Project: Jimmy Carter Quilt

This summer, El Guapo surprised me with the weirdest, most amazing surprise trip.

from withsummerlove

He grabbed and filled our water bottles (we’re hydrated people), bundled me up into the car, and wouldn’t tell me anything about our destination.

from joshrank

Well, he told me a lot of things, but none of them were true. At one point I was convinced that we were driving an hour to go to a different Kroger.

from willblogforfood

Hey, I’m gullible.

Once we were dead in the middle of the nowhere, also known as The Watermelon Capital of the World, we turned left and pulled into a parking lot that was adjacent to nothing.

from mycrookedpath

By now, I was truly perplexed, because El Guapo isn’t exactly what you would call an “outdoor guy.”

from askmen

Hiking through strange, bug-ridden, briar-filled country probably appeals to him about as much as counting beats per minute appeals to me.

from allposters

Confused, I tagged along behind him as we walked down a road, again seemingly going to nowhere.

We turned a corner, and THERE WAS A BIG BLUE TRAIN.

from thewritingspider

I started screaming quietly (no need to make a scene) and excitedly started peppering him with questions. Where are we going? Wait, we’re getting on the train, right? Wheee! It’s like we’re in an Agatha Christie novel! Did you say where we’re going? Why not?! Are there snacks? How long will we be gone? Where are we going? Should I have brought clean underwear? Where are we going?

I can be a pest.

from ayay515

We got on the train, and it looked like a set of Murder, She Wrote if the series was filmed in Branson, Missouri.

from gotriangle

But I didn’t care, because we were on a train!

Here’s the synopsis:

  • The train, called the Sam Shortline, is actually a rolling State Park (as if it couldn’t get any better…).
  • It goes approximately 2 miles an hour (we had lots of time for conversation and for close examination of the leaves on the trees as we chugged by).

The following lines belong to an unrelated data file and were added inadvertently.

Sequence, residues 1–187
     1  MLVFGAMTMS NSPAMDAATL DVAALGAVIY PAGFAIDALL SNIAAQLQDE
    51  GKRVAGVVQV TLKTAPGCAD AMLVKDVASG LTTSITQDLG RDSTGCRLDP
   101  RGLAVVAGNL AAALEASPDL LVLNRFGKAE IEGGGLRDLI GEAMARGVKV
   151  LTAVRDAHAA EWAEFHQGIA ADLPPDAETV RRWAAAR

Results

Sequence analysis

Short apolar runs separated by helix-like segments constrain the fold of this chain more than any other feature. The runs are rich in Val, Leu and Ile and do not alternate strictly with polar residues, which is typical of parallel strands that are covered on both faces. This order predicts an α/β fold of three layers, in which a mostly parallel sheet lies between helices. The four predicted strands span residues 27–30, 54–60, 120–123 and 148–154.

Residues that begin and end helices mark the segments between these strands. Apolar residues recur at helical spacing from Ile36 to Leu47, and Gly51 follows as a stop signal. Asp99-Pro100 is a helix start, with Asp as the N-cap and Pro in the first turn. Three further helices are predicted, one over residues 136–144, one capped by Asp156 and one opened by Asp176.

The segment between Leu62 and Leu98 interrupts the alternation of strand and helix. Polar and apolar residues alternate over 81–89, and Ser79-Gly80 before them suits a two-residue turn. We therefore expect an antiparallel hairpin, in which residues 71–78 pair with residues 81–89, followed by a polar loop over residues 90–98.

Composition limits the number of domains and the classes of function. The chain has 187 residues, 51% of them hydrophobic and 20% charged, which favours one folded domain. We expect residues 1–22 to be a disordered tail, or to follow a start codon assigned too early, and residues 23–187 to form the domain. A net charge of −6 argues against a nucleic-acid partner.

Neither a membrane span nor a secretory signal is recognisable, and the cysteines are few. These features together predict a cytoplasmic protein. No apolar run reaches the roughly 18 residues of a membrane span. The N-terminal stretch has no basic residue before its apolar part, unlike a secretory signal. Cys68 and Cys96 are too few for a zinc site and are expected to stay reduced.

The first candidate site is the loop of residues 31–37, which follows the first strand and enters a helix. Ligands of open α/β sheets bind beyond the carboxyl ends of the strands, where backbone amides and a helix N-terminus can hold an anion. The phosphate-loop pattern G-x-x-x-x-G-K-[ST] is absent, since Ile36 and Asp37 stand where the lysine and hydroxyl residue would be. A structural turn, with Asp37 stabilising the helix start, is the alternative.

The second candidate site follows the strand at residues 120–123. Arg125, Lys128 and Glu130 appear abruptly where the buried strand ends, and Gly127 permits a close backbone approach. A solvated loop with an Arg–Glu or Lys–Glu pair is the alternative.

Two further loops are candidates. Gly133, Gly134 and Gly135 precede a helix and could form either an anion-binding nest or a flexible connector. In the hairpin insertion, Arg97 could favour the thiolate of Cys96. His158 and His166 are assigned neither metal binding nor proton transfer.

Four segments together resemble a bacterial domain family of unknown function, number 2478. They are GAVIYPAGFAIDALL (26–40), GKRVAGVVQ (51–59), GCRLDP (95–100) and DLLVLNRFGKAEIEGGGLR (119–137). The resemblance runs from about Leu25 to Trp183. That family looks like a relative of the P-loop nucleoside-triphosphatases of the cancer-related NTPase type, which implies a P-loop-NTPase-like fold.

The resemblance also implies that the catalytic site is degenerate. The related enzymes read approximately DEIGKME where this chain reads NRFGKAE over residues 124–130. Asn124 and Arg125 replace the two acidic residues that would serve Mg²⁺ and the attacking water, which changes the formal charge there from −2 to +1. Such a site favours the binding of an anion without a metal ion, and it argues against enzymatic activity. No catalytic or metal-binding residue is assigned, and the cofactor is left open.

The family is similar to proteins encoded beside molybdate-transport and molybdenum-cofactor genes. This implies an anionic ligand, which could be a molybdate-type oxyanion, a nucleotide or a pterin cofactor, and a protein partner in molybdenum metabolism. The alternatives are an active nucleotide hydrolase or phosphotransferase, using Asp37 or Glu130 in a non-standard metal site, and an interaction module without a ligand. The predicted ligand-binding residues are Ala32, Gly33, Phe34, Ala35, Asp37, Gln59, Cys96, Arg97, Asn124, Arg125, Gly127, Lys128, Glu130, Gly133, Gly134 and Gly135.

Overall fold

• They do, in fact, serve snacks (the salted pretzels go fast–you better be aggressive).
  • The train runs from Cordele, GA (Watermelon Capital) to Plains, GA (home of Jimmy Carter).

So after a 2 hour train ride (47 miles), we puttered into the station in Plains, GA.

from plainscitydata

There are two vital pieces of information about this trip that you need to know:

1. This was the day of the Georgia Barbecue Association’s Plains Pig Pickin’ barbecue cook-off.

from twitter

2. This was the hottest day of the year, and we had just headed deeper south.

from aloroba

Both were totally coincidental.

Because it was frightfully, devastatingly, breathtakingly hot, we chose to mosey around inside the stores located on Main Street while we waited for Jimmy and Rosalynn to show up and award BBQ prizes.

The stores were air conditioned.

from thesuburbanjungle

We bought some peanut ice cream, a couple of glass bottles, a blue mug, a picture of Billy Carter, and this beautiful, unfinished lap quilt.

I was drawn to this quilt, for some reason. Since it was 100+ degrees and everything may or may not have been a heat mirage, I can’t exactly explain the draw. But I bought it. And when I got home, I fixed the broken parts and finished it.

the quilt

As I was staring at it one day, I started thinking about the pattern. I’d never seen that pattern before, but golly, it looked kind of easy–if tedious–and I started to wonder how it would look in different colors…


So I dug up some fabrics and plunged in.

from emmabagladee

Like many (okay, all) quilting projects, this one took an eensy bit longer than I thought it would. But now I’m done with it, and in honor of that sweltering, sweat-dripping, ice-cream slurping, train-riding, wonderful day, its called The Jimmy Carter Quilt.